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Large Property For Sale Next To California Blue Line Station Could House 100s of People

Photo via LoopNet

A large property next to the California 'L' station that's now on the market is likely to spark more concerns about gentrification. The high-end transit-oriented development boom in Logan Square has drawn a stiff backlash from affordable housing activists who say the trend is accelerating the displacement of lower-income and working-class residents from the neighborhood. The parcel, 2274 N. Milwaukee Ave., is currently occupied by a Family Dollar store and its large parking lot. Curbed Chicago posted about the for-sale property this morning.

The site is 27,360 square feet, so even if the structure that's built on it is only six stories tall, about half the heigh of the MiCA TOD towers across the street on Milwaukee, it could contain hundreds of housing units. However, the current zoning is C1-1, which is the most restrictive and lowest density mixed-used residential-commercial zoning classification. The maximum number of units allowed under this designation is a mere 13.

The future developer of the site would most likely try get a zoning change to something like B3-3, which allows for more types of retail and commercial businesses, and over 100 units. However, to build more than 100 units they would also need to go through the planned development process, which is akin to a negotiation between the city's planning department and the owner to ensure that there are benefits for the community.

The city's affordable housing ordinance requires that, in exchange for a zoning change, the developer makes ten percent of the units of the building affordable for households earning up to 60 percent of the Chicago region's area median income, currently $47,600 for a family of four, or else pay into a fund to help build affordable units elsewhere. Raymond Valadez, chief of staff for 1st Ward alderman Joe Moreno will continue his longstanding policy of requiring that developers take the more expensive option of building the affordable onsite before he will sign off on a zoning change.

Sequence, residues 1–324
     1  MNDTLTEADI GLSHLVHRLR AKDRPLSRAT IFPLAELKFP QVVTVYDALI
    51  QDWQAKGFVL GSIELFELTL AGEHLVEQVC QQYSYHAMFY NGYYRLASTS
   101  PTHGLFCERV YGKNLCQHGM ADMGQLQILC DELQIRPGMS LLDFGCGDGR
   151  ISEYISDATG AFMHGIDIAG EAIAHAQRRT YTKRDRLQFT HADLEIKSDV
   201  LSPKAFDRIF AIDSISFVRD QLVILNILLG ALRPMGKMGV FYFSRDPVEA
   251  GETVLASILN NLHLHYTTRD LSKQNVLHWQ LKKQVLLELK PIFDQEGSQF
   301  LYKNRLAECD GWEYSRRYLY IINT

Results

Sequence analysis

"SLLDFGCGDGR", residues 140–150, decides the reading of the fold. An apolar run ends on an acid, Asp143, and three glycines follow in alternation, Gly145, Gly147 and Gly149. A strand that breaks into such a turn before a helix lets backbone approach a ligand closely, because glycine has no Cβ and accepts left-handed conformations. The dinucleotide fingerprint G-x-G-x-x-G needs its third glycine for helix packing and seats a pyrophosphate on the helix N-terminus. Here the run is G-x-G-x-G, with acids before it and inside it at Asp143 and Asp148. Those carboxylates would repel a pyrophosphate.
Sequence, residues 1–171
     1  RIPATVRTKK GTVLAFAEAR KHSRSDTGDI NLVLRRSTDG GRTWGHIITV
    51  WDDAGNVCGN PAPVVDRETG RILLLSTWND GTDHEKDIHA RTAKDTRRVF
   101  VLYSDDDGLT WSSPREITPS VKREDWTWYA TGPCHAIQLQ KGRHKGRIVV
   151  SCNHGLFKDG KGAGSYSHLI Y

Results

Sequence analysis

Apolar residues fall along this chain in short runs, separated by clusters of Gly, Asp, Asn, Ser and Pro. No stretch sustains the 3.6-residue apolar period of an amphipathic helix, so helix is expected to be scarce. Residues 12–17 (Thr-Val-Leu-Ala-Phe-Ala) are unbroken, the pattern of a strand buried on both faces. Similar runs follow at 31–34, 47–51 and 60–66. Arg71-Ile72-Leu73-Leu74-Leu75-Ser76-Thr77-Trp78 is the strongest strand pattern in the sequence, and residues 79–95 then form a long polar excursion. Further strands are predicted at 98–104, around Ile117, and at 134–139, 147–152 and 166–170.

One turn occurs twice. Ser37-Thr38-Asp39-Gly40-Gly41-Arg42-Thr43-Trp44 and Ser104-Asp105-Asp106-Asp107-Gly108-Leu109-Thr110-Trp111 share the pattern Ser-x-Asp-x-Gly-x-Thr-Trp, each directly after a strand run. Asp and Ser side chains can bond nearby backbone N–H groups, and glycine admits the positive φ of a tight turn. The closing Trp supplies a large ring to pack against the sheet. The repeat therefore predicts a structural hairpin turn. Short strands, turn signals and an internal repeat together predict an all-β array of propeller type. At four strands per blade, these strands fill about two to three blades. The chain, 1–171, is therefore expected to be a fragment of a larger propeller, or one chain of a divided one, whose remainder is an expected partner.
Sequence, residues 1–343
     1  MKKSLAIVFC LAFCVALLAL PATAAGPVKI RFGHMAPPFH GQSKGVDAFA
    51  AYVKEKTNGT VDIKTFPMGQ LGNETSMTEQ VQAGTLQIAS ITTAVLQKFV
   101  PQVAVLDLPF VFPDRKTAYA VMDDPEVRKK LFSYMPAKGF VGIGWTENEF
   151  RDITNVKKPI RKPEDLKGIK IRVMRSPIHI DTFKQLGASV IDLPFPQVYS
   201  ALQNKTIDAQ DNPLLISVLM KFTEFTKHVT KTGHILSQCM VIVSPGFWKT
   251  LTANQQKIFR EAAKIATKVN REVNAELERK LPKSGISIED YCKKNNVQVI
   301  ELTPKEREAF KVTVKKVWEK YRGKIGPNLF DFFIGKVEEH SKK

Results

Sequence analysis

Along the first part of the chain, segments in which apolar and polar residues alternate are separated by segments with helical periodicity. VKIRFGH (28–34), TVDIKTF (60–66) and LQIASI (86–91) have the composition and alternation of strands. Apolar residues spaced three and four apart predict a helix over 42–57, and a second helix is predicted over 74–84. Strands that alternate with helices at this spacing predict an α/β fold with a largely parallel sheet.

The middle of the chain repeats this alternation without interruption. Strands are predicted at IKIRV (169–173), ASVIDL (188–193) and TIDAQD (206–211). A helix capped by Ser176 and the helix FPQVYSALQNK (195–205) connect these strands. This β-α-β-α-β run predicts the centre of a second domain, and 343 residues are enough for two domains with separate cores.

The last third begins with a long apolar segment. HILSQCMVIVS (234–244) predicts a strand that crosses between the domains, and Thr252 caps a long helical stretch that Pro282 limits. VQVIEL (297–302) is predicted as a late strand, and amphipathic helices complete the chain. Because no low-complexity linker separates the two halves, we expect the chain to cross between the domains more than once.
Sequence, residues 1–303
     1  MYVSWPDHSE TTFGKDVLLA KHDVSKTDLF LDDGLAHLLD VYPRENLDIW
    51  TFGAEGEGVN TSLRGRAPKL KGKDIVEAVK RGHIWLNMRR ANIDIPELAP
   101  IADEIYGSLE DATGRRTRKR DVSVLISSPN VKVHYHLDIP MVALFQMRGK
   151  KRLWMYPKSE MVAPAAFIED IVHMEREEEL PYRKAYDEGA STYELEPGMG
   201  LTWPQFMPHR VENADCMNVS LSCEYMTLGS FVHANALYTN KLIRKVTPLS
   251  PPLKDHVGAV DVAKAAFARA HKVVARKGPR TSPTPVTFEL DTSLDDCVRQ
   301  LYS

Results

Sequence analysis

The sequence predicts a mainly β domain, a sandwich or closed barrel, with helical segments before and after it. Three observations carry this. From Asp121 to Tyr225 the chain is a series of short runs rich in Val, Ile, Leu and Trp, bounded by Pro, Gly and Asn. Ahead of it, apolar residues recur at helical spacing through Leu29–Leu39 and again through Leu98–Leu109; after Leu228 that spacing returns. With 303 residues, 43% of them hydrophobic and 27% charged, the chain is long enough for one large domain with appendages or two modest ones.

Valadez added that Moreno "will work with the community to present a community benefits package to any potential developer. The package will include significant affordable housing commitments and may could include requests for public green space, support for our local schools or support for the inclusion of Chicago Housing Authority units."

Moreno has previously been the target of protests by housing activists, who have argued that the new TODs – all of which have been upscale buildings with relatively steep rents – will lead to higher property values, property taxes, and and rents for existing residents. On the other hand, some researchers have found that the opposite is true, that building more market-rate units helps mitigate these issues by increasing the housing supply.

If a large residential building is constructed on this site, it would have the potential to generate plenty of revenue for the city through property taxes. Grow Chicago, The Metropolitan Planning Council's TOD calculator, estimates that a building with 250 residences and 10,000 square feet of retail could generate over $7 million over 10 years. However, since the Family Dollar site lies within the Fullerton/California TIF district, 100 percent of the development's property taxes would go into an account controlled by the mayor's office.

If the future owner were to accept TIF money to partially fund the development, the portion of units designated affordable would increase to 20 percent.

As Curbed points out, the Family Dollar's lease expires in two years, which could be just enough time for the future owner to obtain all the necessary approvals and start development at that time. The future development presents a great opportunity to push the envelope on how inclusive a TOD project can be, by incorporating a higher percentage of affordable units, perhaps at lower rents than required by the city guidelines. If that's not part of the plan, it's likely that the anti-displacement activists will respond with more protests.

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